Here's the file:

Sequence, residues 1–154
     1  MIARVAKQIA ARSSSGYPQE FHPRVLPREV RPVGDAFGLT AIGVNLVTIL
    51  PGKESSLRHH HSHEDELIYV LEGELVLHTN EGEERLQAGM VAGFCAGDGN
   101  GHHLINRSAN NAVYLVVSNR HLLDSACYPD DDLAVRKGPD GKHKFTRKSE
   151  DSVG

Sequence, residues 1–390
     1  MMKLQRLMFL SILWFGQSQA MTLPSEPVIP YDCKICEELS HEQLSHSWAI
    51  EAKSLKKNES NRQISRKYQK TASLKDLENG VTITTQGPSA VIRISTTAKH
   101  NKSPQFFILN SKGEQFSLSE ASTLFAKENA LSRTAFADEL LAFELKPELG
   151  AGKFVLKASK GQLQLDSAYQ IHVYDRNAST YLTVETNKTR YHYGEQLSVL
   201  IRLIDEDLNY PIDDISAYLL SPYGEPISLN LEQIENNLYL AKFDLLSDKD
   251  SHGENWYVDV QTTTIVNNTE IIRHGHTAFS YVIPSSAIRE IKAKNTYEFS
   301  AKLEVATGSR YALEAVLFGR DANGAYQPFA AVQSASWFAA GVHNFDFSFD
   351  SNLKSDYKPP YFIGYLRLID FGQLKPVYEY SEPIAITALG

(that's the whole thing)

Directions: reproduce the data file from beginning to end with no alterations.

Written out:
Sequence, residues 1–154
     1  MIARVAKQIA ARSSSGYPQE FHPRVLPREV RPVGDAFGLT AIGVNLVTIL
    51  PGKESSLRHH HSHEDELIYV LEGELVLHTN EGEERLQAGM VAGFCAGDGN
   101  GHHLINRSAN NAVYLVVSNR HLLDSACYPD DDLAVRKGPD GKHKFTRKSE
   151  DSVG

Sequence, residues 1–390
     1  MMKLQRLMFL SILWFGQSQA MTLPSEPVIP YDCKICEELS HEQLSHSWAI
    51  EAKSLKKNES NRQISRKYQK TASLKDLENG VTITTQGPSA VIRISTTAKH
   101  NKSPQFFILN SKGEQFSLSE ASTLFAKENA LSRTAFADEL LAFELKPELG
   151  AGKFVLKASK GQLQLDSAYQ IHVYDRNAST YLTVETNKTR YHYGEQLSVL
   201  IRLIDEDLNY PIDDISAYLL SPYGEPISLN LEQIENNLYL AKFDLLSDKD
   251  SHGENWYVDV QTTTIVNNTE IIRHGHTAFS YVIPSSAIRE IKAKNTYEFS
   301  AKLEVATGSR YALEAVLFGR DANGAYQPFA AVQSASWFAA GVHNFDFSFD
   351  SNLKSDYKPP YFIGYLRLID FGQLKPVYEY SEPIAITALG